For the past week, American's finest news institutions—those self-identified defenders of journalistic propriety against the teeming online hordes—have been tripping over themselves to publish vague, contextless, detail-free, anonymous accusations about the sex life of presidential candidate. Hey, that's our job!
There's nothing particularly wrong with the press frenzy surrounding the sexual harassment charges against Herman Cain. The Politico story that launched things on Sunday was maddeningly thin on details, as Jack Shafer and others have pointed out, but that doesn't mean there wasn't a story rattling around in there somewhere. Sexxxy political scandals are a gas, and we love to see Cain, who is an idiot, put through the wringer.
But wringing thus far has yielded precious few details, and the folks doing the wringing are the same people who usually turn up their noses at the sort of half-baked accusations they've been slinging. To date, for instance, all we know of the allegations—allegations—against Cain is that he's accused of inviting a staffer up to his hotel room (she apparently agreed and regretted it, though no one has reported what transpired there), and that he compared a staffer's height to that of his wife.
The rest of it is gauzy, murky stuff. We know the National Restaurant Association, which Cain ran, paid severance to two women, but we don't know why. He made a woman "deeply uncomfortable," the Times says. How? By doing what, precisely? No say. A "third former employee" has come forward to exclusively tell the Associated Press that Cain made "sexually suggestive remarks or gestures" toward her during her time at the NRA. What sexually suggestive remarks or gestures? Again, the AP doesn't say. (It says in general terms that Cain told her that she was attractive, and that he invited her to his room, but not what was sexually suggestive about those remarks.) Pajamas Media tells us that after a night of drinking, "Cain allegedly took [a staffer] by taxi to his apartment, where she spent the night and woke up." What happened before she woke up, and before she fell asleep, we are left to guess.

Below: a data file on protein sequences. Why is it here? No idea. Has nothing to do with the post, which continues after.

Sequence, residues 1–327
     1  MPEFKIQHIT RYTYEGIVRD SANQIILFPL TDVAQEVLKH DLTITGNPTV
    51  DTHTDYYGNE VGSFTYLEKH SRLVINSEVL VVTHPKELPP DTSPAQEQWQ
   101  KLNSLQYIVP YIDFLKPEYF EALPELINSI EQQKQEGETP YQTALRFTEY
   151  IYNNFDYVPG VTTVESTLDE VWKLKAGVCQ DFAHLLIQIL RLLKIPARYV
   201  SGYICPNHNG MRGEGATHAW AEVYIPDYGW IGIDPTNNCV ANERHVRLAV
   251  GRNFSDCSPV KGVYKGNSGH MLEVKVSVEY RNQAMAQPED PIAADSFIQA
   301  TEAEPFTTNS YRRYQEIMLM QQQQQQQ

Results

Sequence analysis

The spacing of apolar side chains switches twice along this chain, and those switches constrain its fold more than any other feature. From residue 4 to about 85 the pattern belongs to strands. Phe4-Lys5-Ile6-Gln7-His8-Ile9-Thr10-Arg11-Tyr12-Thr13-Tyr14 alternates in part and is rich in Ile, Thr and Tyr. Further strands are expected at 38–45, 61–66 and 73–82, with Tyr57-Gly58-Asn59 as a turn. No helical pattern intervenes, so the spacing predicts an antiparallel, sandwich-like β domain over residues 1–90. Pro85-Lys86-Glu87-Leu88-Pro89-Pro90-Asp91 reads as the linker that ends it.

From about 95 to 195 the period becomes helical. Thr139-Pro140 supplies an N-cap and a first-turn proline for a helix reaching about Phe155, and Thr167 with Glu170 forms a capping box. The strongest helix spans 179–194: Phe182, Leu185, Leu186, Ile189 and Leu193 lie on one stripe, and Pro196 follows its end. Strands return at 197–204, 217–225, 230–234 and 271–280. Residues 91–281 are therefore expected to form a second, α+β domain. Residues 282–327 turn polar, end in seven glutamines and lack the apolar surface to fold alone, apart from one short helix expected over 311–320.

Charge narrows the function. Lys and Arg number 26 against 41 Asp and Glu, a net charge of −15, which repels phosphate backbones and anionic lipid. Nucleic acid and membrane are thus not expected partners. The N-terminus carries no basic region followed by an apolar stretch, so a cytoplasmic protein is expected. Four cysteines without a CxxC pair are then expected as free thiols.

Such a swirling dust-devil of half-truths and anonymous accusations is the stuff of tabloids and gossip web sites. For places like the Associated Press and the Times, faceless accusations of unspecified misconduct usually represent the starting point for reporting, not the stories themselves. People can be wrong! When Iowa radio host Steve Deace claimed publicly that Cain was "compromised in his private life" because of "inappropriate and awkward" comments he'd made to female radio staffers during a visit to Deace's studio, he declined to elaborate further. But the implication was clear: Cain was grab-assing his way across Iowa, and ABC News, the Washington Post, and others breathlessly passed on the vague claims as "adding to the controversy" surrounding Cain.
It turns out that the "inappropriate" comments weren't sexual, they were at worst run-of-the-mill chauvinism: He'd asked a female reporter for get him some tea. Maybe he thought she was an intern. Or maybe he thinks he can order ladies to prepare his beverages. Either way, it's not quite as bad as the leering, sexually suggestive stuff that was implied.
All of which is fine. Gossip has a place. Right here, for a start. Anonymous accusations have a place. And details or no, the stories surrounding Cain all week were having an impact on the race and were legitimate targets of coverage. But it would be nice if they weren't being covered by the same people who are usually decrying the decline in journalistic standards and posing as the last honorable reporters.
You can be "the gold standard of newsgathering and reporting throughout the world," as the AP self-righteously claims to be as it dismisses bloggers as pajama-clad parasites, or you can report that some lady thinks Cain is a sex creep for unspecified reasons. You can't do both. You can either be a "toilet trained" grown-up, as one noted shithead once put it, or you can accuse a presidential candidate of sexual misdeeds without having one earthly idea as to what those misdeeds, precisely, consisted of. You can't do both.
No newspaper that actually lived up to the ideal of journalistic professionalism that the AP, Times, Post, etc. claim for themselves would publish anonymously sourced stories claiming unspecified sexual misconduct. Hopefully from now on they will drop the sanctimony and just give us the sex.
[Image via Getty]